Glossary of Insurance Terms
Following is a dictionary of
words and phrases specific to the field of life insurance. These will be useful
as a handy guide. Since the explanations are concise and the statements general,
they are not, of course, to be regarded or used as technically complete
statements or legal definitions.
- The person appointed by court to manage and settle the estate of a
deceased person usually because the deceased person left no will.
- One to whom an annuity is payable, or a person upon the continuance of whose
life further payment depends.
- A periodic income payable during the lifetime of one or more persons, or for a
- A form supplied by a life insurance company, usually filled in by the agent
and medical examiner (if applicable) on the basis of information received from
the applicant. The form is signed by the applicant and is part of the insurance
contract if a policy is issued. This form gives information to the Home Office
Underwriting Department so it may consider whether a life insurance policy will
be issued and if so, in what classification and at what premium rate.
Age - By ordinary insurance definition, a person 25 years, 6
months and 1 day old generally is considered to have attained the age of 26.
Premium Loan Option - An option which will automatically pay any
premium which is in default at the end of the grace period and charge the amount
so paid against the policy as a policy loan, provided such premium is not in
excess of the policy's cash surrender value on the due date of the premium
(computed on the assumption that such premium had been paid).
- The person to whom the proceeds of a life insurance contract are payable at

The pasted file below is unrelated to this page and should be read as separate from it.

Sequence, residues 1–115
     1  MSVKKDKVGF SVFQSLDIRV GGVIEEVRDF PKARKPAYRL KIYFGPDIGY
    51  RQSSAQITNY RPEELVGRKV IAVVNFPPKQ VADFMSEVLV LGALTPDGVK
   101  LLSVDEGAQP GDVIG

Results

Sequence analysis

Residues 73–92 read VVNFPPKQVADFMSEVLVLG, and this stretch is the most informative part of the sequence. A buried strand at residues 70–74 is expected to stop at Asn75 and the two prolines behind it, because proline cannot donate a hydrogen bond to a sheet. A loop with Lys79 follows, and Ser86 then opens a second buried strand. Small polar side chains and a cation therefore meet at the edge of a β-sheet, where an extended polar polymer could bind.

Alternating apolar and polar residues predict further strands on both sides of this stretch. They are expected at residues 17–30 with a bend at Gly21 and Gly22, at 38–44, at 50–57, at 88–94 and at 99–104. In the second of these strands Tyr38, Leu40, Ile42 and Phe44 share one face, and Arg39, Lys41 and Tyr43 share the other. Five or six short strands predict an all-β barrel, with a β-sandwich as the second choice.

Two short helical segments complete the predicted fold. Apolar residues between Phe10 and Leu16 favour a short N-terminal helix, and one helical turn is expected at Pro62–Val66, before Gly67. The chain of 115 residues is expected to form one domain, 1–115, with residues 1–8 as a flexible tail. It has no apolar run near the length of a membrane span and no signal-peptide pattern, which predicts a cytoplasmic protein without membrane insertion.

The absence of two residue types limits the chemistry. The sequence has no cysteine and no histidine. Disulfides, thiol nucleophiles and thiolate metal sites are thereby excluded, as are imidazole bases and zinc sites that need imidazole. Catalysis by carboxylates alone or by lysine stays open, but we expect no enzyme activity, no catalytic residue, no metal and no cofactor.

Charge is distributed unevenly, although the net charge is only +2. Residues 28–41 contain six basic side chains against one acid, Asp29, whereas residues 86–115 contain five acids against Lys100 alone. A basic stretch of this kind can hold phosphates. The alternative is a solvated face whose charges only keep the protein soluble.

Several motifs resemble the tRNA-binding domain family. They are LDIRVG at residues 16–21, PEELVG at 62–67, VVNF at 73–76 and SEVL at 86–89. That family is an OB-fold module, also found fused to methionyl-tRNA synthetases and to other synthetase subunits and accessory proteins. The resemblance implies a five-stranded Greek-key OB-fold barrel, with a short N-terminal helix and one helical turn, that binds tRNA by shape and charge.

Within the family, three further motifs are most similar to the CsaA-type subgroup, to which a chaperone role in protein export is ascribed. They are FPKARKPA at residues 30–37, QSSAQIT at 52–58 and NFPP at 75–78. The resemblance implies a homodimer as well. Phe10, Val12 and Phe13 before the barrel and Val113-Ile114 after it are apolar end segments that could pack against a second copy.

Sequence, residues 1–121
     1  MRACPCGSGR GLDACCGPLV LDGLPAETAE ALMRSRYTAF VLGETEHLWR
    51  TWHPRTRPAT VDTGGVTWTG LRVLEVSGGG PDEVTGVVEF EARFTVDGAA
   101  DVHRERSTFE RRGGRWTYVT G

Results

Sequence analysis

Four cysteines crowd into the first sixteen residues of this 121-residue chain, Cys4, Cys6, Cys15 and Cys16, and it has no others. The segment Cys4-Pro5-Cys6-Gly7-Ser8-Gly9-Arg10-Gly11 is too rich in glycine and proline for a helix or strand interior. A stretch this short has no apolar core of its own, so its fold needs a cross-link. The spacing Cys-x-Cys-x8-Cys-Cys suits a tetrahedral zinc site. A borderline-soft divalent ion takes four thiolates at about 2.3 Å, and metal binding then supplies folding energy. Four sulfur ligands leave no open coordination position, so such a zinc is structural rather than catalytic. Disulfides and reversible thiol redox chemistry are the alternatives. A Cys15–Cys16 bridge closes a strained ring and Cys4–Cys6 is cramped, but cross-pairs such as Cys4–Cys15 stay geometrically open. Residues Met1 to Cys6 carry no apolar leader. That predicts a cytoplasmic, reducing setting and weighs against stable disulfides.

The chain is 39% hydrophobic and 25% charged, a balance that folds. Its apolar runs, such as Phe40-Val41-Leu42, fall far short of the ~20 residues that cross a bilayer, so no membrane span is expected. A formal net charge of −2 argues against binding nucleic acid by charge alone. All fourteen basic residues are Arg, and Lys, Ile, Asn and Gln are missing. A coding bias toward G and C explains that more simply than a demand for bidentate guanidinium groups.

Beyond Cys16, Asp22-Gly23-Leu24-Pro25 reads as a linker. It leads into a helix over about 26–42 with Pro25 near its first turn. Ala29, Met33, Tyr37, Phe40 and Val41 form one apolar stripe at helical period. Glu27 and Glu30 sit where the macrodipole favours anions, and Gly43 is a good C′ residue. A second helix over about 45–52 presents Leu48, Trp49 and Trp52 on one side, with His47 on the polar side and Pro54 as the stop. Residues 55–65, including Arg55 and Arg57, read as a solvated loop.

the death of the insured.
Receipt - The receipt for the first payment of the first premium
which assures the applicant that, if he or she dies before receiving the policy,
the company will pay the full claim if the policy is issued or would be issued
as applied for upon receipt of the application.
Refund Annuity - An annuity which provides that upon the death of
the annuitant before payments totaling the purchase price have been made, the
excess of the amount paid by the purchaser over the total annuity payments
received will be paid in one sum to designated beneficiaries.
Value - The amount available to the owner when a policy is
surrendered to the company. During the early policy years, the cash value equals
the policy reserve less a "surrender charge"; in the later policy
years, the cash value usually equals or closely approximates the reserve value
at time of surrender. A schedule of the cash value per $1,000 (or unit) at the
end of various representative policy years is generally included in the
- The written contract between a fraternal benefit society and the member
purchasing the insurance, stating the terms and full details of the agreement.
Beneficiary - An alternate beneficiary designated to receive
payment usually in the event that the original beneficiary has dies before the
- The chief requirements for the formation of a valid contract are (1) parties
having legal capacity to contract, (2) mutual assent of the parties to a